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Define return value for cancelled/missing session for startSession/joinSession #20

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mfoltzgoogle opened this issue Sep 10, 2014 · 8 comments

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@mfoltzgoogle
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commented Sep 10, 2014

avayvod@google.com writes:
"Also, what do the function(s) return if the session is not established (e.g. user exits the selection UI by dismissing the popup menu or there's no existing session to join) ? An uninitialized useless session object? Or should we change the return type to a Promise that passes a session to the caller if it succeeds?"

@mfoltzgoogle

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commented Feb 10, 2015

The current spec reads

If the user cancels screen selection, the Promise returned by startSession(url, presentationId) remains unresolved.

Is this the behavior we want?

@anssiko

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commented Feb 10, 2015

An unresolved promise would protect the user's privacy, as it does not disclose the fact the user actively dismisses the screen picker UI.

As a drawback, that'd make it impossible for the script to know startSession() invocation failed without resorting to hacks such as an expiring timer that checks for the existence of a session (and this given no reason, obviously).

A use case that would benefit from an explicit rejection, and optionally its reason:

  1. A site, say FooTube, uses the Presentation API to show some of its content on a second screen.
  2. The user clicks "Show on my big screen" button.
  3. The user disallows the request or an error occurs in establishing the session.
  4. The site provides a fallback UX tailored for the site that provides the user instructions on how to resolve the issue, optionally with a reason why the request failed.

Alternative approach is to leave all the fallback UX to the UA to address, let the UA inform the user of errors, provide instructs on how to resolve if an error occurs, and not inform the script of rejection (leave the promise unresolved).

With that, I'm wondering if the spec should leave some room for UAs to innovate, to be able to provide a UI from which the user can:

  • Allow - promise resolved with a session
  • Block - promise rejected with a reason
  • Dismiss - promise unresolved

"Dismiss" might map to e.g. clicking [x] or "Cancel" button to close the dialog, while "Allow" and "Block" would be more explicit actions, such as buttons. Naturally, the spec will not mandate any specific UI style, and as long as the requests are asynchronous to not block the main thread we'd be good.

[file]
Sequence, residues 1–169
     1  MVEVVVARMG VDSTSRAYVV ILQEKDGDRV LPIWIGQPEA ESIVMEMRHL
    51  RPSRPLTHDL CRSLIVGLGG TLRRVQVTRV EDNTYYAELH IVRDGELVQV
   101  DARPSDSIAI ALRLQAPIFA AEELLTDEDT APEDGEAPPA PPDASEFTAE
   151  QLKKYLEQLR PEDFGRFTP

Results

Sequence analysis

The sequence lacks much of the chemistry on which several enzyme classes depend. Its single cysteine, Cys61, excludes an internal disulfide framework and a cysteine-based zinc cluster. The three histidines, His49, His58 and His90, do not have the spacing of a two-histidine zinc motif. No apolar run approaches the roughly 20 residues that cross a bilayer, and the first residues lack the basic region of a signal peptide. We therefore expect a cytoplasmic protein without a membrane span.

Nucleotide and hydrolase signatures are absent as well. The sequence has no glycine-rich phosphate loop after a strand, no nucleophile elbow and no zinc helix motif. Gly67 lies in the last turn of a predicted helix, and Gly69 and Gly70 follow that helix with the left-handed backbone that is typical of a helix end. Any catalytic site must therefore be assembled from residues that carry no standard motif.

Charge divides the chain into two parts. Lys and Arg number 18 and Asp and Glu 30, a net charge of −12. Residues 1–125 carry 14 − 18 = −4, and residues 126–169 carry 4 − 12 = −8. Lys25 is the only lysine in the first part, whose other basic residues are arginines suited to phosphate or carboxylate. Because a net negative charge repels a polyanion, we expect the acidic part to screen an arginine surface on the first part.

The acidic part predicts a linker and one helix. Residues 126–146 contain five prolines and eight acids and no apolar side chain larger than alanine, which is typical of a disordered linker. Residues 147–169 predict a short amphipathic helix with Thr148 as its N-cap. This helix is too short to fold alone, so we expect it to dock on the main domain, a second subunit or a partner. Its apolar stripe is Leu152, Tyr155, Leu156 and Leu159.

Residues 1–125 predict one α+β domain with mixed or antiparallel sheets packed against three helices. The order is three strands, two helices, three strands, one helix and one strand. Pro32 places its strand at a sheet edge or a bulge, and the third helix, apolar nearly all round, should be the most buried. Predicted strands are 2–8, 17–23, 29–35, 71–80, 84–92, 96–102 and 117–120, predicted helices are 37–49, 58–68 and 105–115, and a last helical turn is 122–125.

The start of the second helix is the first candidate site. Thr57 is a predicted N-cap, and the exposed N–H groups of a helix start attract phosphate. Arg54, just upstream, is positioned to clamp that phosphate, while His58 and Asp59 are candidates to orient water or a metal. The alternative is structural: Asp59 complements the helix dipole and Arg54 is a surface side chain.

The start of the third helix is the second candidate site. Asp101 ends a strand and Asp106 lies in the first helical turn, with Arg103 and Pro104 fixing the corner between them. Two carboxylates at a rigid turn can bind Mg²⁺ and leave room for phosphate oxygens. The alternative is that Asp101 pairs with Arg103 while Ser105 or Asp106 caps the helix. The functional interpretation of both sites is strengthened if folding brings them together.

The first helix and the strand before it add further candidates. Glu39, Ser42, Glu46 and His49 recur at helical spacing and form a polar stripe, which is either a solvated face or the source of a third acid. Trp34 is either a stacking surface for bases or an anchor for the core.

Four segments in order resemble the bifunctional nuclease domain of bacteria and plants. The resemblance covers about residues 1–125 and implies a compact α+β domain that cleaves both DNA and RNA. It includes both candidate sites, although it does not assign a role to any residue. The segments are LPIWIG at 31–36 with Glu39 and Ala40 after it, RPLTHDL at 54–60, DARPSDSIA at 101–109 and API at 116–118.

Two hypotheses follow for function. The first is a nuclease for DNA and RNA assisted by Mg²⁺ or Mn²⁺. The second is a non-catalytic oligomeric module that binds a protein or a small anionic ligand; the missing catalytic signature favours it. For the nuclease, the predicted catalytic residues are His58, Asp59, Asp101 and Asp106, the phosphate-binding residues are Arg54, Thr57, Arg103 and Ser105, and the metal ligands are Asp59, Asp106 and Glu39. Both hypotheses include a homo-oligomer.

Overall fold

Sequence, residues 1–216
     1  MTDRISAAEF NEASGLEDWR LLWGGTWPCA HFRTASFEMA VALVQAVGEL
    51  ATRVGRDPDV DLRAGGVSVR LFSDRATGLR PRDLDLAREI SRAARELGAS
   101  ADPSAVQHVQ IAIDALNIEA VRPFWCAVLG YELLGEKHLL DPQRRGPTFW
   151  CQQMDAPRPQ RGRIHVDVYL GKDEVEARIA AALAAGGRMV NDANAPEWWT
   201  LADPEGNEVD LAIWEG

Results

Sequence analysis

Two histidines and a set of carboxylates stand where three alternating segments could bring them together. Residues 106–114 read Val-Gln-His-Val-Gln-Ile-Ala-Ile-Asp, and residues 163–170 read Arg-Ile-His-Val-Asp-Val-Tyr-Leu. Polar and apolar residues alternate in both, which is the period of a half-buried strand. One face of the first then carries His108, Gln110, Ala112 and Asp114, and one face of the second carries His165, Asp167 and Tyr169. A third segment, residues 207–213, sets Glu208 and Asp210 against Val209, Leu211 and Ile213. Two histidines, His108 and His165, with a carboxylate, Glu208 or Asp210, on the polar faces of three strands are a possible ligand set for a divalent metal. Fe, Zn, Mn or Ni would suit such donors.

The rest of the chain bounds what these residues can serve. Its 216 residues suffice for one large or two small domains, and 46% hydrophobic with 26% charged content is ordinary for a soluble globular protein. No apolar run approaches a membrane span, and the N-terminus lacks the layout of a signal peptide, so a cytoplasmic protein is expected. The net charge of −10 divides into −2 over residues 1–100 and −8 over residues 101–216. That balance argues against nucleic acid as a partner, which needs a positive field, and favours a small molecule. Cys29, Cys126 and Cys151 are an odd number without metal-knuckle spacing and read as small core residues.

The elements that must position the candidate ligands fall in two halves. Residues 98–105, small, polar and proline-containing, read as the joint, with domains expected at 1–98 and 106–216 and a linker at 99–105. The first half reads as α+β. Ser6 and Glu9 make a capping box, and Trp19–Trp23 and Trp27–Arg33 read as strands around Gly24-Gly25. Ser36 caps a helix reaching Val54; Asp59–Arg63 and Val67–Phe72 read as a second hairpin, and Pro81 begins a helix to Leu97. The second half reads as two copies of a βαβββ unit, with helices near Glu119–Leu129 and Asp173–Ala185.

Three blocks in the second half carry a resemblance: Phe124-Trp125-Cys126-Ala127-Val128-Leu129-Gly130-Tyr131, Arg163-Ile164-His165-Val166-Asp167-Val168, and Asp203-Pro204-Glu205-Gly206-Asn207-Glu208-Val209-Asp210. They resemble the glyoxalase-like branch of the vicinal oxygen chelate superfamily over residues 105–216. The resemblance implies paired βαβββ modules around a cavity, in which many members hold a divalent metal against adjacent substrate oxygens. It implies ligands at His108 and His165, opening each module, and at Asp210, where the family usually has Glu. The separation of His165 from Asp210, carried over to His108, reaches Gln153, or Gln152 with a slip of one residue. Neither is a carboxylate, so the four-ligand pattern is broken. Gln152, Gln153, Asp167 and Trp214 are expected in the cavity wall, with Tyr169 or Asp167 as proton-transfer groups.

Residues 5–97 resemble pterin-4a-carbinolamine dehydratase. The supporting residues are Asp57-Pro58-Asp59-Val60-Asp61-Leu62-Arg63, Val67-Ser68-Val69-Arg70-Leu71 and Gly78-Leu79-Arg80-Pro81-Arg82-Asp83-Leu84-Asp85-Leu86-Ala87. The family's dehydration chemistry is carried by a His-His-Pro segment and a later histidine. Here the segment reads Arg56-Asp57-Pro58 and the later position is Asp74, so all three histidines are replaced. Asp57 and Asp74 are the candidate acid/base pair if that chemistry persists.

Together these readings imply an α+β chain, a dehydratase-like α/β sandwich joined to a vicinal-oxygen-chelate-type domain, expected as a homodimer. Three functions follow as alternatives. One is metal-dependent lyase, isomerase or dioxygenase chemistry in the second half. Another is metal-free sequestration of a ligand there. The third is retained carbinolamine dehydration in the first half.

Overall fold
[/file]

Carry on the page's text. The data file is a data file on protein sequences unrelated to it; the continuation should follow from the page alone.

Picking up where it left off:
@avayvod - is there something to be learned from your implementation experiences since the issue was opened?

All - WDYT?

@schien

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commented May 14, 2015

I would prefer to reject this Promise while user dismiss the selection dialog. An unresolved Promise is "leaked" until page is closed and web developer cannot destroy it. I'll suggest using following UI behavior:

  • Allow - promise resolved with a session
  • Cancel - promise reject with a reason
  • optionally this dialog can provide an option "block forever" which prevents a malicious page requesting session automatically.
@mfoltzgoogle

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commented Jun 26, 2015

I think the proposal by @schien can be implemented with the current spec; it allows the UA to reject the Promise with a DOMException of type AbortError if the user denies permission, either one time or permanently.

And I believe that always resolving allows the controlling page to implement the fallback behavior that @anssiko outlines above.

As far as the implementation in Chrome - currently we allow the user to initiate presentation, or close the dialog without selecting a display. We don't have a block option, but I wouldn't rule that out in the future.

@obeletski

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commented Jun 29, 2015

I also support proposal of @schien.
Double checked "Writing Promise-Using Specifications" document. It lists the case of permission denial as a good reason for rejecting the promise [1].
[1] http://www.w3.org/2001/tag/doc/promises-guide#rejections-should-be-exceptional

@anssiko anssiko added the PING label Jun 29, 2015
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commented Jun 29, 2015

The Privacy Interest Group (PING) should be asked for feedback with regard to this issue, so I'm tagging this with the newly minted "PING" label. We'll initiate the review after we've published the updated Working Draft.

@schien's proposal would be conformant with the current spec, since in 6.4.1 Starting a presentation session:

If T completes with the user denying permission, run the following steps:
Reject P with a DOMException named "AbortError".

I expect no changes to the spec on this detail prior to consulting PING on the matter.

@anssiko

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commented Jun 29, 2015

Oh the typo. I obviously meant "published the updated Working Draft". Fixed.

We appear to be on track to publish tomorrow, so we can initiate the PING review soon after.

@mounirlamouri

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commented Aug 21, 2015

Closing. Let's wait for PING feedback.

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